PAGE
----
Arising out of Moravan Aeroplanes’ purchase of the assets of bankrupt Let Kunovice in August is a new corporate entity called “Letecke Zavody,” or “LZ Aircraft Works” in English. According to CEO Libor Soska, “The creation of LZ Aircraft Works represents the first meaningful step since the early 1990s to reinvigorate the Czech aerospace industry.”
Helping to fund Moravan’s successful bid were investors Don Jewitt, CEO of and a principal investor in Alberta Aerospace of Calgary, and Milan Matusik, v-p of manufacturing for Alberta. Although Jewitt now has stakes in both Alberta Aerospace and LZ Aircraft Works, the two companies are completely separate, stressed Thomas Heath, who is acting as the North American spokesman for both companies. Alberta Aerospace, which also does business as Phoenix FanJet, is developing the two-seat SigmaJet and four-seat MagnaJet. Last year Alberta selected Moravan Aeroplanes to certify to FAA standards the production and detail tooling of the Sigma- and MagnaJets and thereafter produce complete shipsets of components for the airplanes.
Alberta’s plans, however, have been stymied by a lack of funds. The company had planned an initial public offering on the Canadian stock exchange last year, but this was delayed and the dot-com meltdown made IPOs an unattractive mechanism for raising funds. Heath said the company still needs to raise $10 million to complete certification of the SigmaJet. This summer Alberta closed its facility in Lakeland, Fla., and repositioned its sole flying SigmaJet prototype to Canada.
Jewitt, a retired oilman, told AIN that Alberta “will probably cease to exist” and that he’d like to see the Phoenix FanJet program become a project of LZ Aircraft Works. That, however, depends on his ability to convince the other owners of the company to take on the project. Regardless of what happens to Alberta Aerospace/Phoenix FanJet, Soska has big plans to reinvigorate the Let product line up to the 19-passenger L-410 and L-420 regional turboprops. “My team and I turned Moravan Aeroplanes from a money-losing small niche market player into a well diversified moneymaker in a few short years. We have every intention of repeating that performance,” he said. “Since the merger, more orders for Let aircraft have been received than in the previous five years combined.”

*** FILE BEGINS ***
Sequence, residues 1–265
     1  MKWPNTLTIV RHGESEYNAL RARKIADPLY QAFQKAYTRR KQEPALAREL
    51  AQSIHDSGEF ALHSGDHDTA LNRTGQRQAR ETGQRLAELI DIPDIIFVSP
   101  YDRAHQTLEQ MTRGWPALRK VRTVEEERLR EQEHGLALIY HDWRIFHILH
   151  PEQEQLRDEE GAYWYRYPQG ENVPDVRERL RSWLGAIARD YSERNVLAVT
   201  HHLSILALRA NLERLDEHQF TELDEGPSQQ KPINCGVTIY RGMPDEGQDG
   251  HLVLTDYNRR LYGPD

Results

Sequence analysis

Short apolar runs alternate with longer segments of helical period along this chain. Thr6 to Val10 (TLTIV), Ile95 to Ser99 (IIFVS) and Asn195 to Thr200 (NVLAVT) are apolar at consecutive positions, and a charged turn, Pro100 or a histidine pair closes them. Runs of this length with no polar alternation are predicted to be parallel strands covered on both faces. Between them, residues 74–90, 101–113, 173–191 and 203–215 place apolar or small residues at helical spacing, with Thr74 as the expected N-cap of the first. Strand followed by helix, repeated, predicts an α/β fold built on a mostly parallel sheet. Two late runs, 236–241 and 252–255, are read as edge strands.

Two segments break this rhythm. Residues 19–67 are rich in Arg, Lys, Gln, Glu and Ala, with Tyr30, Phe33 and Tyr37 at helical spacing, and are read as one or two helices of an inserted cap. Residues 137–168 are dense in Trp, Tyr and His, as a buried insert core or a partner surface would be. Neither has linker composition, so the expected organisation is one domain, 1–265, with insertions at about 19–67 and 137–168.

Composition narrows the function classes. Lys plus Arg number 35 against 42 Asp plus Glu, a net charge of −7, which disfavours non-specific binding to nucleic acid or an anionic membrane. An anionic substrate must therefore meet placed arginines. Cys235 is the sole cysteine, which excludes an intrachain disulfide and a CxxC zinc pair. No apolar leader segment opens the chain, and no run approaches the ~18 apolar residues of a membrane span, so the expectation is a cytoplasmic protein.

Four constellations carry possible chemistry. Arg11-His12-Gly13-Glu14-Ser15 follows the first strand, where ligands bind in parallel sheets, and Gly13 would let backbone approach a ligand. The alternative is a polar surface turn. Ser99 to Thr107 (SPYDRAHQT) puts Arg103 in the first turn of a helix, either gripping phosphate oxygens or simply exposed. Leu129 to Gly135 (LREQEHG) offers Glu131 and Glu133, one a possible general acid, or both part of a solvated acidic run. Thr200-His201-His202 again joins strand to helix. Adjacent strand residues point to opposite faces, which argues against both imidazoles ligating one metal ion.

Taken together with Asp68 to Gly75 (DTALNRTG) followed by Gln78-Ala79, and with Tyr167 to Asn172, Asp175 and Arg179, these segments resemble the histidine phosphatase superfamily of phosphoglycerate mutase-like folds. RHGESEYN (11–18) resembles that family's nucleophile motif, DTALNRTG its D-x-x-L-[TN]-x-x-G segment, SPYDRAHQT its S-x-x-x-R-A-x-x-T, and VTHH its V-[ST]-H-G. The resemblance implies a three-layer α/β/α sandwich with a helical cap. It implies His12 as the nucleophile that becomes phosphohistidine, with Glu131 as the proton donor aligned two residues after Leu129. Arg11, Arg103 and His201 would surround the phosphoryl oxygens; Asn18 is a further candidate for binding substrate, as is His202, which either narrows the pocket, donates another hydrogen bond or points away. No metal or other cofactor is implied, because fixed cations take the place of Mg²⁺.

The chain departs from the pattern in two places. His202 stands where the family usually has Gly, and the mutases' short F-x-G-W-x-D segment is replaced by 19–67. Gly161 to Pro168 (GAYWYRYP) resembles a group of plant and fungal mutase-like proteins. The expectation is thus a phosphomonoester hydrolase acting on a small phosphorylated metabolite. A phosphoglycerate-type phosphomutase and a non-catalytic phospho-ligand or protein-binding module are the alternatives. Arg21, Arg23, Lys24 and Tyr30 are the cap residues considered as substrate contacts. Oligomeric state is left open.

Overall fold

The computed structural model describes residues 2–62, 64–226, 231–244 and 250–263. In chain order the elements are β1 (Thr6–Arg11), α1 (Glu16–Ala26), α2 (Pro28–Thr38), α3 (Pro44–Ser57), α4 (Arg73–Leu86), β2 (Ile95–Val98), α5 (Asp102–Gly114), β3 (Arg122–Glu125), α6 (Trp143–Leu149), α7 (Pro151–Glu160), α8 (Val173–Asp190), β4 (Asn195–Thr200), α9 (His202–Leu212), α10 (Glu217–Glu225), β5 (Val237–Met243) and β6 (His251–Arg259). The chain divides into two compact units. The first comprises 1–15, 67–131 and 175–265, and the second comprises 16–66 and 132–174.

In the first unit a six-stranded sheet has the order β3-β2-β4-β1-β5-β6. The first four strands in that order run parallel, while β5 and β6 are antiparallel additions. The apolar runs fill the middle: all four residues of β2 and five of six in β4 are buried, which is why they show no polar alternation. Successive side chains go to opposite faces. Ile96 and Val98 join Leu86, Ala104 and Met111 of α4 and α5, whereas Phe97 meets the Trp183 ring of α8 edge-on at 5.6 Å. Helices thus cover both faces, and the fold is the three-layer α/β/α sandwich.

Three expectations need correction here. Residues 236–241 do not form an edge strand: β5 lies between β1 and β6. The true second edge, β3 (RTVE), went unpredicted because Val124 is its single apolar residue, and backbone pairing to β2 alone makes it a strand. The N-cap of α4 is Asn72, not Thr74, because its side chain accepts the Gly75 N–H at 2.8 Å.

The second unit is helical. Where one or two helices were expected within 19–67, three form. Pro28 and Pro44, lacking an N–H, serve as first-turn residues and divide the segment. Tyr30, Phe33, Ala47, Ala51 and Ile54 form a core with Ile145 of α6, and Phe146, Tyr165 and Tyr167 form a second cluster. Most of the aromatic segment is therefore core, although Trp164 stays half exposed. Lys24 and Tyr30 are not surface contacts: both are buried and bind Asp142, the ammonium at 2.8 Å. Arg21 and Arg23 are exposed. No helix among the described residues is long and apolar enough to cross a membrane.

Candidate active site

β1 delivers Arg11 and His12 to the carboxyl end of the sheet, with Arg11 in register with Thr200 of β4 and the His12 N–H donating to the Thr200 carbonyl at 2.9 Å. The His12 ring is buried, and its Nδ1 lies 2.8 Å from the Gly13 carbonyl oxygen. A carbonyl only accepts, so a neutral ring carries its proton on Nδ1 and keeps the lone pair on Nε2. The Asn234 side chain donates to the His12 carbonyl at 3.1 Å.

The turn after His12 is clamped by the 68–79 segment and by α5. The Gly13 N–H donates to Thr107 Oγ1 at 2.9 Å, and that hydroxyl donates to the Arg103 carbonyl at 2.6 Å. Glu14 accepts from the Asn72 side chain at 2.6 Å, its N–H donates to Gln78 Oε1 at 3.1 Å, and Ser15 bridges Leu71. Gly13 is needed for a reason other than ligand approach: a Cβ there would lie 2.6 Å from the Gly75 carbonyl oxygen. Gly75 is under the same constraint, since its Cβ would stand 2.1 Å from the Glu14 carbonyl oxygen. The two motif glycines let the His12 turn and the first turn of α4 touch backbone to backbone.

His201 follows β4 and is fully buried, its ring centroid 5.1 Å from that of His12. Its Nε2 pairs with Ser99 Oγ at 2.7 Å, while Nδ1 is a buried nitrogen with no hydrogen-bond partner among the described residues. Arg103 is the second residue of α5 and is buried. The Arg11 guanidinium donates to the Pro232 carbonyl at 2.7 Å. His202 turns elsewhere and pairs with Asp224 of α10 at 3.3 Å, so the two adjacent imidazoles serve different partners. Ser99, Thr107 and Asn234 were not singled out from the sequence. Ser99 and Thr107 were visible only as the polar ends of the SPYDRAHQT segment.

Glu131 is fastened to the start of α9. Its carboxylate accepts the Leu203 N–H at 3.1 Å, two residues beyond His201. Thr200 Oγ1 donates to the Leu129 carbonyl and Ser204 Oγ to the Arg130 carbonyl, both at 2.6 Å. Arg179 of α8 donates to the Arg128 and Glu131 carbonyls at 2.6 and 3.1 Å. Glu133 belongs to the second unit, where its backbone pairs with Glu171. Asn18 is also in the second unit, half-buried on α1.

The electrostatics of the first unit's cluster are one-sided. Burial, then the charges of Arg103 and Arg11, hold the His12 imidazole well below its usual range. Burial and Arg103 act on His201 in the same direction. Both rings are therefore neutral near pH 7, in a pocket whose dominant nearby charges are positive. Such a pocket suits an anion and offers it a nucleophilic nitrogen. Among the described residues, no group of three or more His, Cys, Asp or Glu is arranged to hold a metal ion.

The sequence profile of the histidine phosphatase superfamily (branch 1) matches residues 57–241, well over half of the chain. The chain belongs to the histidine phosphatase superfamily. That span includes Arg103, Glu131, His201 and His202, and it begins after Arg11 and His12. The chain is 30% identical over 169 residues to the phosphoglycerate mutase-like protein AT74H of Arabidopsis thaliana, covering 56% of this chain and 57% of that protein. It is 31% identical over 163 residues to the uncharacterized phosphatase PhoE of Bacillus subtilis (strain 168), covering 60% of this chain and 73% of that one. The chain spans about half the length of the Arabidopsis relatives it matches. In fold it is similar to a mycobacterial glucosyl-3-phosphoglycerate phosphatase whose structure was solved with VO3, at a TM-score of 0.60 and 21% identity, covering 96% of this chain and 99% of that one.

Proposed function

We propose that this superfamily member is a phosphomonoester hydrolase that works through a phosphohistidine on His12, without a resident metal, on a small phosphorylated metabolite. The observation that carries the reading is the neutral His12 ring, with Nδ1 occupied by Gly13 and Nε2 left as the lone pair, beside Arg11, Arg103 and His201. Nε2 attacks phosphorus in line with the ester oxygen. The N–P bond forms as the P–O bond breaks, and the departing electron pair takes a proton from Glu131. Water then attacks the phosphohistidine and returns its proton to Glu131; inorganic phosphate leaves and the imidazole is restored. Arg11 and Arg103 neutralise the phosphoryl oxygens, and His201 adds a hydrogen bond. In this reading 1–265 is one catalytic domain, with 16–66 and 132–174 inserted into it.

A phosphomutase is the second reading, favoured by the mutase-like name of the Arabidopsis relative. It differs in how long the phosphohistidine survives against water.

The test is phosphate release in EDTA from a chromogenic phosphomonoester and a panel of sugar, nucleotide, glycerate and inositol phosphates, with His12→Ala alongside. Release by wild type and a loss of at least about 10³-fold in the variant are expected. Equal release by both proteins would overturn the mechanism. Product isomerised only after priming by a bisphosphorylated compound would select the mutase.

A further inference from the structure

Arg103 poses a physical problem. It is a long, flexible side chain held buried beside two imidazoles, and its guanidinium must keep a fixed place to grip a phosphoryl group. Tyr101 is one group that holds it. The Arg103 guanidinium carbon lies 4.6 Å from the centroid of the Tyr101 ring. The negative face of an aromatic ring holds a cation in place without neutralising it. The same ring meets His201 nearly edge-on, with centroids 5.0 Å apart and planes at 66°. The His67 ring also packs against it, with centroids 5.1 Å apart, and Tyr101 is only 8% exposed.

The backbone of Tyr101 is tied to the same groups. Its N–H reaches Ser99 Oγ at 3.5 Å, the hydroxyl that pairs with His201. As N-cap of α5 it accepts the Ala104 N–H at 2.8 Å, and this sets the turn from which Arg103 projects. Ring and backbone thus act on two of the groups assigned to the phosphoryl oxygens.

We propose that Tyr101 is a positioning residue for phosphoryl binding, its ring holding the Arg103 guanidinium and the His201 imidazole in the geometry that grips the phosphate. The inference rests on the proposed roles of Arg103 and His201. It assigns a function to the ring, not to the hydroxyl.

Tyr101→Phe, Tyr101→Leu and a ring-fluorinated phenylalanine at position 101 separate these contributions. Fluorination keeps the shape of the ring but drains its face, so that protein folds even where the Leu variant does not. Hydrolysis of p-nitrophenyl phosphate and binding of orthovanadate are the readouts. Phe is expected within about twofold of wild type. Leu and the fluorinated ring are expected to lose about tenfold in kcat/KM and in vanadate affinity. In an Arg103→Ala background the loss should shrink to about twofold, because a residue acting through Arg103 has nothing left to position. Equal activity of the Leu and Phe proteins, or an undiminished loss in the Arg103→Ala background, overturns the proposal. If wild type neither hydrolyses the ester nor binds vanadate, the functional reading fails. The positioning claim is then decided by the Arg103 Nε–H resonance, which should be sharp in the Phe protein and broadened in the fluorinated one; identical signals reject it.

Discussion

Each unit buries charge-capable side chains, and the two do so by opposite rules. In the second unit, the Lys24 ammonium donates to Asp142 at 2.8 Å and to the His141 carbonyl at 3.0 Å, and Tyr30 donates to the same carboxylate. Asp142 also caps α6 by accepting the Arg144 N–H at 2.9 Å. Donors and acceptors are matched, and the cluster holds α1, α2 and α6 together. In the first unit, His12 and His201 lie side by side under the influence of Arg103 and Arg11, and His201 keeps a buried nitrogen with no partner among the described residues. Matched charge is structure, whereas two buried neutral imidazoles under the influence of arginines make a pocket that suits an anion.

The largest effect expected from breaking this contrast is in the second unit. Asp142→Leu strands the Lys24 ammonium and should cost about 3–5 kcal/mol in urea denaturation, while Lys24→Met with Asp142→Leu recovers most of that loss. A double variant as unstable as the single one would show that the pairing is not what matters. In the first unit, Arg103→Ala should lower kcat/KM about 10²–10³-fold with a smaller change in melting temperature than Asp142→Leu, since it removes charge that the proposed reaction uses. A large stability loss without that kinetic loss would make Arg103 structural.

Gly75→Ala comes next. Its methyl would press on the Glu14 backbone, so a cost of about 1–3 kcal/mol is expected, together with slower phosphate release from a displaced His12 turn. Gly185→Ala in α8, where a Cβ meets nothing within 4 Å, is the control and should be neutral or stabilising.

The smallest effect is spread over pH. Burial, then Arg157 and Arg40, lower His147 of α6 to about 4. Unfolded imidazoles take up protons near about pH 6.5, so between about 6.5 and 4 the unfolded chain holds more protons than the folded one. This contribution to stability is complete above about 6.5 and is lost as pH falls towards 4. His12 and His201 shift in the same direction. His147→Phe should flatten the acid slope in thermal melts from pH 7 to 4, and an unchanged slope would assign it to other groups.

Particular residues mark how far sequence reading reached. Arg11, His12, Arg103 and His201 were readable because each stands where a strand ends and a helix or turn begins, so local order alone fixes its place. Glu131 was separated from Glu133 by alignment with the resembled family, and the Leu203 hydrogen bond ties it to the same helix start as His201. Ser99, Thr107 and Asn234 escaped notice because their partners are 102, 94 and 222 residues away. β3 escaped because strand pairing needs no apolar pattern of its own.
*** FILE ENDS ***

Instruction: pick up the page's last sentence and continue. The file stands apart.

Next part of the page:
Heath said LZ has received orders for 20 L-410/420s and 18 Zlin 142Cs and 242Ls (piston-single trainers). Other aircraft in the LZ Aircraft Works line are the four-place single Zlin 143L, the Zlin 137L agplane and the L-33, L-23 and L-13 gliders. The company is also pursuing civil certification of an Orenda OE-600 powered L-400 Rhino utility airplane.
The fate of the 40-passenger Let L-610G twin turboprop is less certain. Heath said this model is owned by the Czech government, which has assumed complete control of the program. He said Let had completed seven L-610 hulls before the merger.
Even more doubtful is any future relationship between LZ Aircraft Works and the moribund (former) Ayres Loadmaster program, which sources at Let say was the main cause of the bankruptcies at both Let and Ayres. Ayres’ main creditor, GATX Capital, foreclosed on the Albany, Ga.-based company on August 7 and is trying to sell it any way it can: as a complete package of facility, Thrush agplane program and Loadmaster; or in whatever combination of parts the potential buyer wants.
Now doing business as Quality Aerospace Corp., the company is building parts for and servicing the 2,000-strong fleet of Thrush cropdusters, its production certificate for the Thrush lost in the foreclosure (GATX holds the type certificate). However, the company is working with the FAA to regain the Thrush production certificate.